Performance evaluation in running – Part 3: Energy expenditure during running.

This is the third part (the first was about VO2max, while the second was about the energy expenditure during rest) of a journey into the evaluation of the runner’s performance, made possible with the big support of Mark Henninger (himaxx Centre for Altitude Training – Berlin, Germany), that provided the ergospirometer, the treadmill, the hypoxic chamber and his knowledge for the tests. Thanks Mark!

In terms of total energy expenditure is it more expensive running a 10 km race at 10 km/h or at 20 km/h? If we don’t consider the air friction component and if the race is run without any pace variation (steady state), the answer is: the total energy requirement is approximately the same!

The reason lies in the linear relationship between oxygen consumption and running speed. As a rule of thumb, during horizontal running the energy cost is about 1 kCal/kg/km. Thus, the energy cost of running 10 km for a 70 kg individual averages 700 kCal, regardless of running speed.

Having an ergospirometer, as explained in the previous Part 1 and Part 2, allows to know the relative contribution of Carbohydrates and Lipids in the energy transfer system; in Figure 1 the data are put together in a graph, and the main results can be described as follows:

  • the whole-body energy requirement increases up to 15-20 times above resting levels (purple curve);
  • for this athlete, between 6 and 10 km/h is evident the formation of a plateau where the ratio between Fats and Carbs contribution is constant;
  • training to extend the plateau is something to focus on, since the energy contribution of Fats is more than double of the Carbs’ one (9 kCal/g vs. 4 kCal/g);
  • the higher the speed, the lower the Fat’s contribution;
  • training at low speeds is a good way to “teach” the body to use the Lipids as energy source;
  • doing a Conconi test will allow the athlete to know exactly the different “fuels” contribution at his anaerobic threshold;
  • Proteins contribution is not taken into account, as explained in Part 2.
Figure 1 – Energy expenditure during running.

We are working on the fourth part, wich will be published after the next test session. Meanwhile…keep on training, people!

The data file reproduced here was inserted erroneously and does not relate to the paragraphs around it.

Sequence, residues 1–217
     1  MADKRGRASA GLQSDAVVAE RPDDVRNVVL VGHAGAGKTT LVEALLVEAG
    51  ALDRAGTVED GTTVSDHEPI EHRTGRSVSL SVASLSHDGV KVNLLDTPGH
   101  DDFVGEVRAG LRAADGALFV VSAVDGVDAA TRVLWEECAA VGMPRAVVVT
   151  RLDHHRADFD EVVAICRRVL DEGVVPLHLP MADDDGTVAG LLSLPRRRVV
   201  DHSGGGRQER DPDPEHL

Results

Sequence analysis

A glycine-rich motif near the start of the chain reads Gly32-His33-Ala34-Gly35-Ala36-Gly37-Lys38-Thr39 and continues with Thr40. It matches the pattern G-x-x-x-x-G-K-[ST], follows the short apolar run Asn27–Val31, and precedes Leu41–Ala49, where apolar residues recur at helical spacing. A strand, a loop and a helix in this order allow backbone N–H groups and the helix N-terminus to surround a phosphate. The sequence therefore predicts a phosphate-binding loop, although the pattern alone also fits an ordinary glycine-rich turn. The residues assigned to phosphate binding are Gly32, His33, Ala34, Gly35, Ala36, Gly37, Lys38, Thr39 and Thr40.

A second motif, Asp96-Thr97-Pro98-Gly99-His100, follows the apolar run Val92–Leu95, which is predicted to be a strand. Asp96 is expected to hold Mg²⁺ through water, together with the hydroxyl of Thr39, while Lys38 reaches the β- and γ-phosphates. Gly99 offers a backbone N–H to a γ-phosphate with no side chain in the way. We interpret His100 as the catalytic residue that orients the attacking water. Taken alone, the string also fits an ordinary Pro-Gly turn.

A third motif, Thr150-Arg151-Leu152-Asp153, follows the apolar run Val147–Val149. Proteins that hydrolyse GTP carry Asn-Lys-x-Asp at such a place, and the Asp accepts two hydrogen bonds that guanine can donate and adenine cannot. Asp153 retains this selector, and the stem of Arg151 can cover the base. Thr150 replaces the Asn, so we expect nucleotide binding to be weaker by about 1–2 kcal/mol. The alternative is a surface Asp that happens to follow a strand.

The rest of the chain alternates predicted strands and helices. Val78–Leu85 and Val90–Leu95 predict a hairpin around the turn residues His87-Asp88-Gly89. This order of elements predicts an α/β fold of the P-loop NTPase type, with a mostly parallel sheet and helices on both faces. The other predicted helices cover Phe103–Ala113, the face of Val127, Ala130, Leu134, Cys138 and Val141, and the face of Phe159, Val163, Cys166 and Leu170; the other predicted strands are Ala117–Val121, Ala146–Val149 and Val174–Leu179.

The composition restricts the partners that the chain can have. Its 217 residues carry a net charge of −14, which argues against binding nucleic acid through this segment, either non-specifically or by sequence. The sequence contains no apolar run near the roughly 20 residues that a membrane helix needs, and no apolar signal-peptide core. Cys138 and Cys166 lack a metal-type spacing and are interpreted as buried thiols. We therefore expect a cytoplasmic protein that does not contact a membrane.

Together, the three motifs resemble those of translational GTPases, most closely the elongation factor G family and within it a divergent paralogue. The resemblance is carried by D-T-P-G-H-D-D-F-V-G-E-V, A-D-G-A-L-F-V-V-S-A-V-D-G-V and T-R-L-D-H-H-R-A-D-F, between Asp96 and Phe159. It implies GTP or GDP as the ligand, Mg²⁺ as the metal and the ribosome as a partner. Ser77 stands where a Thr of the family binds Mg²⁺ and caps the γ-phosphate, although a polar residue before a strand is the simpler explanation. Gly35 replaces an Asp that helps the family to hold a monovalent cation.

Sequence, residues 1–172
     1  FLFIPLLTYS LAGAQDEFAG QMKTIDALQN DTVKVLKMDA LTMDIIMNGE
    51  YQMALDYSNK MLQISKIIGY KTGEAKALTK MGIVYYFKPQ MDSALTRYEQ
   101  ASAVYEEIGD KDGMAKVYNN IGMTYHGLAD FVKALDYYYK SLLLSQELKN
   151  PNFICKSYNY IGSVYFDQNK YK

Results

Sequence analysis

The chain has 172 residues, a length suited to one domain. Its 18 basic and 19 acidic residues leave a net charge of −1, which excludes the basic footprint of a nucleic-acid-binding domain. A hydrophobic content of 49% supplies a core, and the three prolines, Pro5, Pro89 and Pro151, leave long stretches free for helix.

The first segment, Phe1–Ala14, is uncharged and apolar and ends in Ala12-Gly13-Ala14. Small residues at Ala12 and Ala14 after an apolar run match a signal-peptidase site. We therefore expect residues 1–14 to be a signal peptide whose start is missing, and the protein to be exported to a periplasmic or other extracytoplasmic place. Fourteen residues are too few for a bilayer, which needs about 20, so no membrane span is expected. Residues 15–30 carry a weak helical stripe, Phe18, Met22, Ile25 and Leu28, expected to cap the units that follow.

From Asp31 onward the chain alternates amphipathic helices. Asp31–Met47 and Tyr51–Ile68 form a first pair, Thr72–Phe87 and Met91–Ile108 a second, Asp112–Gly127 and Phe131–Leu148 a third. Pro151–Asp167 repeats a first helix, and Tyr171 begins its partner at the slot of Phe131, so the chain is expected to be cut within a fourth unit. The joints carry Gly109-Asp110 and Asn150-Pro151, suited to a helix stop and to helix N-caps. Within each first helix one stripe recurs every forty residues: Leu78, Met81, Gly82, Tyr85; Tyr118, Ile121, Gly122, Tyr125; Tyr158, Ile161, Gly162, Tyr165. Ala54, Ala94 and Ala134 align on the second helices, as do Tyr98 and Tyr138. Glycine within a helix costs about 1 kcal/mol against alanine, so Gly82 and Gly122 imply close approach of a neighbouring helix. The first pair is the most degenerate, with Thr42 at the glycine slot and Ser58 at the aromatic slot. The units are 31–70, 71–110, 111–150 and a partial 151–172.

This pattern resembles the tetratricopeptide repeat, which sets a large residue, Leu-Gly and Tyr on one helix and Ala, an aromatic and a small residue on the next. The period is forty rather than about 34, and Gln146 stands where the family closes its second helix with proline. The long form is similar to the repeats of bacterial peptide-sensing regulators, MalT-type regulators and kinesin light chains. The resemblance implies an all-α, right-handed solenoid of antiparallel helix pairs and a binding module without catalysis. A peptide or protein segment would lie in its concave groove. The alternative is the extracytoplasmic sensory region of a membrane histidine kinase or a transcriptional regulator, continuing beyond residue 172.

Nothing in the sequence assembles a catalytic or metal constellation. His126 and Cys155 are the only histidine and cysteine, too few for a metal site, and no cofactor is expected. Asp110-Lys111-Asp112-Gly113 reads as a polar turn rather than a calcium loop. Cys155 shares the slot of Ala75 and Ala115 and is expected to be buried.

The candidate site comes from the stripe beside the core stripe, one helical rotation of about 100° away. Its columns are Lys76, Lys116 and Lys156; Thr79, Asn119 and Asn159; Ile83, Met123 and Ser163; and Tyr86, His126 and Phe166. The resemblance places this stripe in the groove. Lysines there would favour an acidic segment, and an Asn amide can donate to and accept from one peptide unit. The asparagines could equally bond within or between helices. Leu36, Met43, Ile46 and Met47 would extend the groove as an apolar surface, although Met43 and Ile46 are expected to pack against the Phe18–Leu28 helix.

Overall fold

Here you can find a list of my running-related posts. Now shut down the notebook and have a run!
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Performance evaluation in running – Part 2: Carbs, Fats and Proteins as Energy for living.

This is the second part (the first was about VO2max) of a journey into the evaluation of the runner’s performance, made possible with the big support of Mark Henninger (himaxx Centre for Altitude Training – Berlin, Germany), that provided the ergospirometer, the treadmill, the hypoxic chamber and his knowledge for the tests. Thanks Mark!
During exercise the whole-body energy requirement increases 20 to 30 times above resting levels, but what are the relative contribution of Carbohydrates, Lipids and Proteins in the different energy transfer systems?
First of all, we need to define the above-mentioned “resting levels”: the BMR (Basal Metabolic Rate) is the amount of energy expended daily by humans and other animals to sustain vital functions in the waking state. Under controlled laboratory conditions, after at least 3 hours from the last light meal and without prior physical activity, the RMR (Resting Metabolic Rate) can be measured. The TDEE (Total Daily Energy Expenditure) can be divided as follows:
  • RMR accounts for 60 to 75% of TDEE;
  • thermic effects of eating account for around 10%;
  • physical activity accounts for the remaining 15 to 30%.